Signal Transduction Definition
This section focuses on how organisms adapt to changing environmental situations by using signal transduction pathways. Before diving into some of the complicated signal transduction routes that organisms really employ, the phrases “signalling cascade,” “phosphorylation cascade,” and “secondary messengers” will be discussed in this section. Following that, we’ll examine various individual pathways, including the WNT, RTK, and cortisol pathways. Despite the fact that these routes are highly distinct, we’ll look at the aspects they have in common and the cellular reactions they cause. Most significantly, we’ll learn how these signalling pathways may trigger genetic reactions that can alter a cell’s phenotypic or even cause it to die (cell death).
Signal Transduction Overview
Your mother sends you a text message. After school, she’ll pick you and your buddy up and take you to the movies. Although your pal is just a few seats away, their phone is dead. How can you deliver this message to your buddy without disturbing the class? Of course, you leave them a letter!
The communications sent in this situation are extremely similar to those sent by your body’s cells to communicate and coordinate their activity. Like delivering a letter to a buddy, all the signals your body sends must transit via signal transduction pathways. The signal transduction routes used by your body, on the other hand, are much more intricate. Furthermore, signal transduction pathway ideas will undoubtedly be on the AP exam. So stay with us as we go over every detail of signal transduction pathways!
Signal Transduction Pathways
Let’s go over some of the terms and motifs we’ll be seeing before diving into some extremely intricate signal transduction pathways. Watch our video on section 4.2 – Introduction to Signal Transduction if you need a refresher on these words or subjects.
The receipt of a signal is the starting point for all signal transduction pathways. This signal might be a ligand or a physical signal from the environment, such as a light ray, sound wave, or even tactile contact. Regardless of the signal, the receptor protein undergoes a conformational change as a result of its receipt. This may result in a broad range of cytoplasmic responses, a process known as signal transduction.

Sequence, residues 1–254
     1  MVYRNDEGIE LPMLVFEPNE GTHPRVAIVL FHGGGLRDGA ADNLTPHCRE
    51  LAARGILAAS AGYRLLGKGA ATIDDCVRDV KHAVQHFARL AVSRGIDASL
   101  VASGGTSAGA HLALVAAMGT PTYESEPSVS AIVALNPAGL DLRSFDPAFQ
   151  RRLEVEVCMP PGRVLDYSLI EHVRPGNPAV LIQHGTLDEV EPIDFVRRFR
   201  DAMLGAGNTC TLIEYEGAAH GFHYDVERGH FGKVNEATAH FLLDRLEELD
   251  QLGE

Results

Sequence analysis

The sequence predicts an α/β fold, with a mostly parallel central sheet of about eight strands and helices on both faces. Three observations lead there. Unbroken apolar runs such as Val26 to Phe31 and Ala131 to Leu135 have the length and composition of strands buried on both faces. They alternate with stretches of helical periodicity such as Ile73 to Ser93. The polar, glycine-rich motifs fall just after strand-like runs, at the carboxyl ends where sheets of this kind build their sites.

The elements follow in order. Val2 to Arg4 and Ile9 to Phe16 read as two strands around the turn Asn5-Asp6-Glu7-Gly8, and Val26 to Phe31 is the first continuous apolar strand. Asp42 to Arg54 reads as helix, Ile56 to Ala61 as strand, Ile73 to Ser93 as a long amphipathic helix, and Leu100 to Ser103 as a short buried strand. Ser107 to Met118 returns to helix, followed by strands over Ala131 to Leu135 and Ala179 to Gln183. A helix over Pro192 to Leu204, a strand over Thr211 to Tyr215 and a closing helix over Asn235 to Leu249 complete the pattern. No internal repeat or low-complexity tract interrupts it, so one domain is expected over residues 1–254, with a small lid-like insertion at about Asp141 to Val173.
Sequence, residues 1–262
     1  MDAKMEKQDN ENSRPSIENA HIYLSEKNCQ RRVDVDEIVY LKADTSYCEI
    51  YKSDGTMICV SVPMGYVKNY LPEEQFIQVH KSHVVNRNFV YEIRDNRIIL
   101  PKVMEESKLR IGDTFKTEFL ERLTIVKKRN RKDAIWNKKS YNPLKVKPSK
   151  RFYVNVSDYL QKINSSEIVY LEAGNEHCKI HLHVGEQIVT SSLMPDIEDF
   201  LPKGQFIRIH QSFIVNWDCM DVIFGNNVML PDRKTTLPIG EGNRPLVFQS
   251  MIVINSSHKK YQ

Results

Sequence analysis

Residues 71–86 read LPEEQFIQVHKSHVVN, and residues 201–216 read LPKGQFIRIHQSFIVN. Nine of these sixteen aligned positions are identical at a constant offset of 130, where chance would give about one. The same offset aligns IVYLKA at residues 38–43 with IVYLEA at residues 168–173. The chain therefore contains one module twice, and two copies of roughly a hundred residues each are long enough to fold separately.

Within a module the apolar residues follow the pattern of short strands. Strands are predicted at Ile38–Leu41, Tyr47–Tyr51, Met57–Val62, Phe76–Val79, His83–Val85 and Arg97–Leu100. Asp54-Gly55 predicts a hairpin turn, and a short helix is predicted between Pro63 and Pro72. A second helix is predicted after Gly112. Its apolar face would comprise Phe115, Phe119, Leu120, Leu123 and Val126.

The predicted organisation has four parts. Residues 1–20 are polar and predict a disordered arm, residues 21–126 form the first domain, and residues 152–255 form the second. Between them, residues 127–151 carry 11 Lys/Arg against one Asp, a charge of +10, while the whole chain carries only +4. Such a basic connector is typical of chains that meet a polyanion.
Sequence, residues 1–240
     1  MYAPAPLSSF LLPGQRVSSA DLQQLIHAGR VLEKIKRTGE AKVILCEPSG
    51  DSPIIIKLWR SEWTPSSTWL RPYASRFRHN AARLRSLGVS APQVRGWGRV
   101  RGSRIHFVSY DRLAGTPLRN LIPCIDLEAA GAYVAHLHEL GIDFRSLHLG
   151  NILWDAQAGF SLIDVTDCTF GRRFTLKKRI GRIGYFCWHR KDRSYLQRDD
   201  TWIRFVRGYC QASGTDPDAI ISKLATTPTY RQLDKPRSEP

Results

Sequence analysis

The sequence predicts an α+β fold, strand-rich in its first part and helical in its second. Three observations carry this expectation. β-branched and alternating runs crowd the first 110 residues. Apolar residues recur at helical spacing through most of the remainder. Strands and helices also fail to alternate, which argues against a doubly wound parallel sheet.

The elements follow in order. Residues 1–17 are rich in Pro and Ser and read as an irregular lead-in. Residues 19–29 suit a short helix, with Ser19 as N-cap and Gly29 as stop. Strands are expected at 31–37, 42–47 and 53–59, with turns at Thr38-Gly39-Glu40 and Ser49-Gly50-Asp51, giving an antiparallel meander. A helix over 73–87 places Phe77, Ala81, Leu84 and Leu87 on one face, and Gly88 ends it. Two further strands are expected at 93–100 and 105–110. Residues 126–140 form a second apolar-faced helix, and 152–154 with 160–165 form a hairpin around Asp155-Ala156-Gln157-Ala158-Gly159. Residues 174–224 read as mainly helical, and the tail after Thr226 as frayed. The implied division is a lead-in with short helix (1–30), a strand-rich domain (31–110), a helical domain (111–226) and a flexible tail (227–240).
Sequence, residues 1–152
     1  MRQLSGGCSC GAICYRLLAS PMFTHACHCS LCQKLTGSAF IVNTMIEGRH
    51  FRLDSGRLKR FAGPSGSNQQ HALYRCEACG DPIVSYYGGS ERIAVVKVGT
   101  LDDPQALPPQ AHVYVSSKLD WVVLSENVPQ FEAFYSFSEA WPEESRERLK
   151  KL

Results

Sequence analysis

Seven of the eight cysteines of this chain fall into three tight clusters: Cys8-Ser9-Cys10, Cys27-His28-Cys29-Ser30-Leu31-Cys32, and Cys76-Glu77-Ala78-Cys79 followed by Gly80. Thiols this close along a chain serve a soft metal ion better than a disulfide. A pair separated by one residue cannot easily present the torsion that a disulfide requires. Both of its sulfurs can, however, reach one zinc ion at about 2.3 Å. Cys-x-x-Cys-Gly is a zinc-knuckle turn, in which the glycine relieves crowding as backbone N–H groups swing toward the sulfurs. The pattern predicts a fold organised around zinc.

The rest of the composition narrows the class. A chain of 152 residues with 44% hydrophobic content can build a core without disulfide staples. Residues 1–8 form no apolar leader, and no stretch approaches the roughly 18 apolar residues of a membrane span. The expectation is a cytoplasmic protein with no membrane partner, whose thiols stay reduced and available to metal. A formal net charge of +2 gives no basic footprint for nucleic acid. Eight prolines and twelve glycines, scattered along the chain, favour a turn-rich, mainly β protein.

This conformational shift usually activates another enzyme. This enzyme performs a single action that results in a cellular response in a few cases. This enzyme, on the other hand, is far more likely to activate a variety of second messenger molecules, such as cyclic-AMP. In a phosphorylation cascade, these molecules often convey phosphate groups to other enzymes, resulting in the activation of millions of proteins and enzymes throughout the cell.
The crucial thing to understand here is that when it comes to signal transduction pathways, there is an almost unlimited variety. Though we’ll go through a few particular instances in the slides that follow, the AP test might question you about an entirely different approach. Look for the common parts of the signal transduction pathway provided in these situations, and you should be able to answer the question!
The WNT pathway is one that has been preserved across the animal kingdom. The word “WNT” is a mix of wingless (a gene mutant originally detected in fruit flies) and integrated (a gene mutation first recognised in humans) (a homolog gene found in other animals). This molecule was given the moniker WNT since both of these genes generate the same glycoprotein signal molecule.
Let’s start with the events that occur before a WNT signal molecule is received. Without getting too technical, beta-catenin is a chemical that can trigger gene expression. Beta-catenin is broken down by a set of proteins in the cytoplasm. The beta-catenin destruction complex is a collection of proteins. Beta-catenin is broken down and unable to activate any genes as long as this compound is present.